Job Shops Have Wide Machine Choices
For job shops, Haas Automation (Oxnard, CA) exhibited its usual plethora of milling and turning machine technology including its UMC-750 five-axis 40-taper vertical machining center featuring an integrated dual-axis trunnion table. The UMC-750 can deliver 3+2 machining or full simultaneous five-axis motion for contouring and complex machining. Though large high-speed, high-torque/low-speed, and five-axis machines were on the top of everyone’s list of machines to see, MC Machinery Systems exhibited its new lines of general-purpose vertical machining centers. The Diamond Cut series of VMCs marks MC Machinery’s entry with milling machine technology for the shop floor, following its well-known presence with EDM, waterjet, and laser technology. Models are available for drill/tap, die/mold applications, heavy-duty machining of large parts, and general-purpose machining.
NPT Taps Feature New Emuge Flute Form Design
Emuge Corp. (West Boylston, MA), best known for its tapping technologies, showcased a new line of NPT Taper Pipe Taps that feature a newly developed flue form with variable skip tooth geometry. The advanced flue design optimizes chip flow and clearance and lowers tapping torque, which is ideal for materials that produce long, stringy chip formations.
“The new flute design on the Emuge NPT taps allows for improved chip flow and chip clearance, which results in longer tap life than conventional pipe taps that often prematurely fail due to severe chipping of the cutting teeth or total breakage due to chip clogging,” said Mark Hatch, product director, Threads and Taps at Emuge.
ISCAR’s Product Onslaught
ISCAR (Arlington, TX) announced the biggest new product lineup in its 60-year history—a wide range of innovative and problem-solving products that are branded “IQ” as part of a post-recession marketing campaign. For example, ISCAR will begin offering the Dove IQ Turn, Dove IQ Drill, Dove IQ Mill and Dove IQ Grip as part of the “High QLine – Machining Intelligently” product launch.
Jacob Harpaz, CEO of ISCAR and president of the IMC Group, excitedly pitched the new products to more than 500 employees, distributors and members of the media during a day-long educational session at the Sheraton Chicago Hotel & Towers, which featured a dance troupe during intermissions.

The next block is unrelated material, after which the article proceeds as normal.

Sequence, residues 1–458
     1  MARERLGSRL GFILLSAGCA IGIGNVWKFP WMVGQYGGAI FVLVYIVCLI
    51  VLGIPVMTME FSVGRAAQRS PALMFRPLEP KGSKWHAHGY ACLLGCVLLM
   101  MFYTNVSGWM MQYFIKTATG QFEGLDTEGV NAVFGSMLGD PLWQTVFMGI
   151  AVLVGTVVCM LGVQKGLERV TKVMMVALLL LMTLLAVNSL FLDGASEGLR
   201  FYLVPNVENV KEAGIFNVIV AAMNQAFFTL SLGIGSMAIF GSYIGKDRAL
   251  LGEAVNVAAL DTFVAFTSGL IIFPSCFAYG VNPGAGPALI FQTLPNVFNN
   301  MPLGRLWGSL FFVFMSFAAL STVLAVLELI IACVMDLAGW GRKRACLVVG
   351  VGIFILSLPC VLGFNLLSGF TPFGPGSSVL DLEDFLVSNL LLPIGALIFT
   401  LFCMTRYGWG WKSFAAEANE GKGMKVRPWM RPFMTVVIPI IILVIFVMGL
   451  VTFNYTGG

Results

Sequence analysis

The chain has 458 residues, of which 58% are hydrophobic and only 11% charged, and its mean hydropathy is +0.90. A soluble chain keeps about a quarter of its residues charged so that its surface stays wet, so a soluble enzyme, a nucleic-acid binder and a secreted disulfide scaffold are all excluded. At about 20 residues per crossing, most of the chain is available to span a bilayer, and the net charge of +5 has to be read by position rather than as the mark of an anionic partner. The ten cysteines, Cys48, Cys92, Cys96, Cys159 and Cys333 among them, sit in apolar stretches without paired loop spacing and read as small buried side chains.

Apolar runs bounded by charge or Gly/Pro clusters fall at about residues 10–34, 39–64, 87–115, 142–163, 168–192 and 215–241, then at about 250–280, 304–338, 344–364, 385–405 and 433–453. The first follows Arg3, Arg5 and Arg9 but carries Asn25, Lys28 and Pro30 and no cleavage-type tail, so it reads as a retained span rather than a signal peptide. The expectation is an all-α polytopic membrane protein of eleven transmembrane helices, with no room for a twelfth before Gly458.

Harpaz said the company is driven by a desire to be first in the market with new products. He noted that the company continued to invest in research and development throughout the recession, a move that enabled ISCAR to remain competitive with new products as the economy started to lift.
ISCAR sees growth potential in the heavy-duty market, holemaking and by offering innovative improvements to the tool life and the efficiency of its existing products. Many of the improvements, Harpaz said, reflect ISCAR’s commitment to helping its customers reduce costs on an on-going basis. “We are not talking about one time,” he said.
New Systems for Cleaning Coolant
Machine downtime in the factory costs manufacturers dearly with lost production time. With its new mobile fluid recycling system introduced at IMTS, Eriez Hydroflow (Erie, PA), aims to boost manufacturers’ bottom line by reducing unnecessary machine tool downtime and improving machine coolant recovery.
The new SumpDoc from Eriez Hydroflow is a mobile inline fluid reclamation system that includes sump cleaning and filtration in a portable system that uses its own propulsion system to move the unit between machine tools in the factory.
“The number one goal is keeping machine tools in production,” says Barry Nehls, Eriez Hydroflow general manager. “Some people have referred to this as ‘dialysis for machine tools.’”
This article was compiled by ME Media’s Senior Editors: James Lorincz, Patrick Waurzyniak, James Sawyer, Michael Anderson. Editor in Chief Sarah A. Webster and SME’s Senior Editor for Journals and Technical Papers, Ellen Kehoe, also contributed.
Published Date : 11/7/2012